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Another year, another Film Fight almost over. While the monthly posts were later than I’d have liked, they weren’t as bad as the previous year. As per my annual caveat, Film Fight is done in a knock-out style: it’ll select my favourite film of the year, but there are no guarantees about second place.

First up, the honourable mentions. Films that were good, but were beaten in their own month:

  • Big Hero 6
  • St Vincent
  • Foxcatcher
  • Whiplash
  • Ex Machina
  • Catch Me Daddy
  • The Voices
  • Child 44
  • Spy
  • The Overnight
  • Southpaw
  • The Legend of Barney Thompson
  • Mission Impossible: Rogue Nation
  • Straight Outta Compton
  • Sicario
  • Suffragette
  • Beasts of No Nation
  • Mississippi Grind
  • Steve Jobs
  • Bridge of Spies

Then the month winners:

  • January: Birdman
  • February: Selma
  • March: Predestination
  • April: Avengers: Age of Ultron
  • May: Mad Max: Fury Road
  • June: Slow West
  • July: Ant-Man
  • August: Trainwreck
  • September: The Martian
  • October: Macbeth
  • November: Kill Your Friends
  • December: Star Wars: Episode VII: The Force Awakens

As always the first month or two of the year, had some exceptional films. The middle and very end of the year had the usual big budget films, with some nice smaller films squeezed in between.

Trying to pick a winner is very difficult. A few big Hollwood blockbusters made it through (Age of Ultron, Ant-man, Star Wars) that might not have made it in other months. They’re all good films, but there is little unique about them that won’t be repeated again next year. For a genuinely unique action film, we need to look to Mad Max: Fury Road. Relentlessly paced, clear action, with some of the best characters of the year; it’s a visual action treat.

The Martian showed us that you can do a big budget sci-fi film, with action and characters we care about while trying to stay grounded in reality. Predestination went the other way into time-bending craziness, pushing the sci-fi boundary without sacrificing on characters.

Macbeth is an extraordinary piece of film-making: incredibly acted and with some of the best visual storytelling in decades. Birdman was similar, capturing some excellent performances in a relentless edit, constantly blurring reality.

What should win? I’m genuinely torn between those last two to the point I’ve considered a tie for quite some time. However, I think I’m going to give it to Birdman. While both films were well-acted and directed, the editing in Birdman is exceptional. Constant motion keeps the pace up, while never really letting you see what is real and what isn’t. A very well deserved win.

For the final Film Fight of the year, we have five films.

First up, Black Mass tells the story of real gangster, Whitey Bulger, and his secret pact with the FBI. The film is fairly fragmented with no clear or interesting vision as to where it is going to go; with each scene more like a way to fill out the timeline in patchwork than form a cohesive whole. Johnny Depp puts in his first good, serious performance in years as the lead. He’s genuinely brilliant: compelling, frightening, ruthless, and cold. It’s very easy to forget who you’re watching. Depp aside, there’s not a great deal to recommend this. Probably not worth seeing. (See my Black Mass Twitter review).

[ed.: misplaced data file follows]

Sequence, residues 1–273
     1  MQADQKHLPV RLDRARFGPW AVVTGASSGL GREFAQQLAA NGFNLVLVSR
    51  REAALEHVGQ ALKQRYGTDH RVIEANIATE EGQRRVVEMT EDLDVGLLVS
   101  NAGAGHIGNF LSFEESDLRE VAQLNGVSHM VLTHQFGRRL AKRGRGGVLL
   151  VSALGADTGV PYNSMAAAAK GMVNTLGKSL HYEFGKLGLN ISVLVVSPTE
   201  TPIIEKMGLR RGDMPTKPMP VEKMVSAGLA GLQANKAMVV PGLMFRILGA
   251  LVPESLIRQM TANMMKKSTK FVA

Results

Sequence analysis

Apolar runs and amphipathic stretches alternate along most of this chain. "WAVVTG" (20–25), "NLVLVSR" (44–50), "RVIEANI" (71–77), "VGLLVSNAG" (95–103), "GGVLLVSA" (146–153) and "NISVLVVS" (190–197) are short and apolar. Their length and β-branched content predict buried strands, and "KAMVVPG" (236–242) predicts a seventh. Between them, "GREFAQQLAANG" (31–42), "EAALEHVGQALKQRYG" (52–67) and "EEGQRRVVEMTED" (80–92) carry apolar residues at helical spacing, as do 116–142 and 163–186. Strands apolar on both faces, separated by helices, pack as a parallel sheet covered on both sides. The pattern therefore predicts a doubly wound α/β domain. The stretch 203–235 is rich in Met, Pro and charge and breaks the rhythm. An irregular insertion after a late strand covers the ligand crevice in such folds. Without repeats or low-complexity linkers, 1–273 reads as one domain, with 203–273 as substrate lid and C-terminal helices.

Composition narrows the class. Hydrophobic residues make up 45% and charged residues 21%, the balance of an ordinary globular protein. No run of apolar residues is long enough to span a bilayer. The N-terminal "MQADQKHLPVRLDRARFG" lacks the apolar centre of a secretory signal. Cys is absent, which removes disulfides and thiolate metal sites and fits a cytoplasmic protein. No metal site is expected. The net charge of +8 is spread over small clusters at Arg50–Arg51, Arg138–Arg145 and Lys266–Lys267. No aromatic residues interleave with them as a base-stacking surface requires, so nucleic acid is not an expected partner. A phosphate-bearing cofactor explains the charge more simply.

Bridge of Spies is another collaboration between Steven Spielberg and Tom Hanks, so you probably know what you’re going to get: a safe Hollywood drama, great production values, well-acted, and with masterful direction. The story (of a lawyer forced into defending a Russian spy, then into a trade negotiation for an American spy) has measured pace and quiet tension. You know things will likely work out, but there are enough bumps along the way to keep it interesting. Of note, Mark Rylance has a stand-out performance as the exceptionally calm Russian spy, never cracking and always being entirely believable. An unnecessary epilogue aside, this is worth seeing. (See my Bridge of Spies Twitter review).

While Pixar have done exceptional work over the years, it feels like they phoned in The Good Dinosaur. To be clear, it’s not a bad film. It’s pleasant enough, and looks incredible. However, it lacks any of the magic of a Pixar film. The plot is uninspired and unoriginal, the pacing is a little leaden, and the lead character is fairly dull. Spot, the caveboy who joins Arlo on his adventure, is the film’s highlight: fun, wild, and sympathetic. Overall, the movie is forgettable. (See my The Good Dinosaur Twitter review).

Amy Poehler and Tina Fey have made some great comedy separately, and have been in a decent film (Baby Mama) together before, so expectations were somewhat raised for Sisters. It doesn’t quite live up to that. The characters are thin, even for a comedy, and much of what you see plays out a little predictably. That said, the central house party is funny, even when it is failing to surprise. Okay, but not great. (See my Sisters Twitter review).

Finally, Star Wars: Episode VII: The Force Awakens is a return to form for the franchise, following the largely awful prequel trilogy. We get interesting characters, fun dialogue, some excellent action sequences, some great little character moments, and everything else we found in the original trilogy. It’s far from perfect. There are plot elements that are a little tired and others that stretch credulity too far, even given the premise, but these are very much forgivable in the context of this family adventure. Very good. (See my Star Wars: The Force Awakens Twitter review).